Smedley D, Jacobsen JOB, Jager M, Köhler S, Holtgrewe M, Schubach M, et al. Next-generation diagnostics and disease-gene discovery with the Exomiser. Nat Protoc. 2015;10(12):2004–15.
Köhler S, Gargano M, Matentzoglu N, Carmody LC, Lewis-Smith D, Vasilevsky NA, et al. The human phenotype ontology in 2021. Nucleic Acids Res. 2020;49(D1):D1207–17.
Auton A, Abecasis GR, Altshuler DM, Durbin RM, Abecasis GR, Bentley DR, et al. A global reference for human genetic variation. Nature. 2015;526(7571):68–74.
Adzhubei IA, Schmidt S, Peshkin L, Ramensky VE, Gerasimova A, Bork P, et al. A method and server for predicting damaging missense mutations. Nat Methods. 2010;7(4):248–9.
Ng PC, Henikoff S. SIFT: predicting amino acid changes that affect protein function. Nucleic Acids Res. 2003;31(13):3812–4.
Schwarz JM, Cooper DN, Schuelke M, Seelow D. MutationTaster2: mutation prediction for the deep-sequencing age. Nat Methods. 2014;11(4):361–2.
Chun S, Fay JC. Identification of deleterious mutations within three human genomes. Genome Res. 2009;19(9):1553–61.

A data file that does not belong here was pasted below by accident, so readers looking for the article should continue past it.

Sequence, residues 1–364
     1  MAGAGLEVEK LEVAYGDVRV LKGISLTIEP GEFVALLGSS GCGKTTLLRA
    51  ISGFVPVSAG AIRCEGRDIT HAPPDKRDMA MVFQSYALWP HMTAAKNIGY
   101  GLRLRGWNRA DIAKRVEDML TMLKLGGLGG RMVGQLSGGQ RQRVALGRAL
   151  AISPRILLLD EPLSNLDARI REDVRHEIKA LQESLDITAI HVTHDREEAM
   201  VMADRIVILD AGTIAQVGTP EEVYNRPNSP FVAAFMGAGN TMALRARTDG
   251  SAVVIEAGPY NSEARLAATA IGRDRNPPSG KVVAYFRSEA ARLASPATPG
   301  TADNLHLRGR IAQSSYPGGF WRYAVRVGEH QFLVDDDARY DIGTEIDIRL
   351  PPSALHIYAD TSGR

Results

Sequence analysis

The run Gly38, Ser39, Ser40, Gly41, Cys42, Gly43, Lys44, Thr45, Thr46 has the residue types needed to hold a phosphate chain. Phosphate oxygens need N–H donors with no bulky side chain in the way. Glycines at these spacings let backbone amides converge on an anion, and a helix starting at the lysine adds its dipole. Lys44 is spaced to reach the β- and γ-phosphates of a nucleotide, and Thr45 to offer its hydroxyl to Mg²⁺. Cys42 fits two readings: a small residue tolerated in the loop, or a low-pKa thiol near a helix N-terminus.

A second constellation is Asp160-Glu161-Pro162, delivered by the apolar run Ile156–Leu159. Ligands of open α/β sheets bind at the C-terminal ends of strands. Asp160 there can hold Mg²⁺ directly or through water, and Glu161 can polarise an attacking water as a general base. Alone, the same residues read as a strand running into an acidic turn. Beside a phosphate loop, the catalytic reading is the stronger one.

Kircher M, Witten DM, Jain P, O’Roak BJ, Cooper GM, Shendure J. A general framework for estimating the relative pathogenicity of human genetic variants. Nat Genet. 2014;46(3):310–5.
Wiel L, Baakman C, Gilissen D, Veltman JA, Vriend G, Gilissen C, MetaDome. Pathogenicity analysis of genetic variants through aggregation of homologous human protein domains. Hum Mutat. 2019;40(8):1030–8.
ClinVar. : improving access to variant interpretations and supporting evidence - PMC [Internet]. [cited 2022 Dec 12]. Available from: https://www.ncbi.nlm.nih.gov/pmc/articles/PMC5753237/.
Stenson PD, Ball EV, Mort M, Phillips AD, Shiel JA, Thomas NST, et al. Human gene mutation database (HGMD®): 2003 update. Hum Mutat. 2003;21(6):577–81.
The UniProt Consortium. UniProt: a worldwide hub of protein knowledge. Nucleic Acids Res. 2019;47(D1):D506–15.
Karlsson M, Zhang C, Méar L, Zhong W, Digre A, Katona B, et al. A single–cell type transcriptomics map of human tissues. Sci Adv. 2021;7(31):eabh2169.
Szklarczyk D, Gable AL, Lyon D, Junge A, Wyder S, Huerta-Cepas J, et al. STRING v11: protein–protein association networks with increased coverage, supporting functional discovery in genome-wide experimental datasets. Nucleic Acids Res. 2019;47(D1):D607–13.
Blake JA, Baldarelli R, Kadin JA, Richardson JE, Smith CL, Bult CJ. Mouse Genome Database (MGD): knowledgebase for mouse–human comparative biology. Nucleic Acids Res. 2020;49(D1):D981–7.
Thorvaldsdóttir H, Robinson JT, Mesirov JP. Integrative Genomics viewer (IGV): high-performance genomics data visualization and exploration. Brief Bioinform. 2013;14(2):178–92.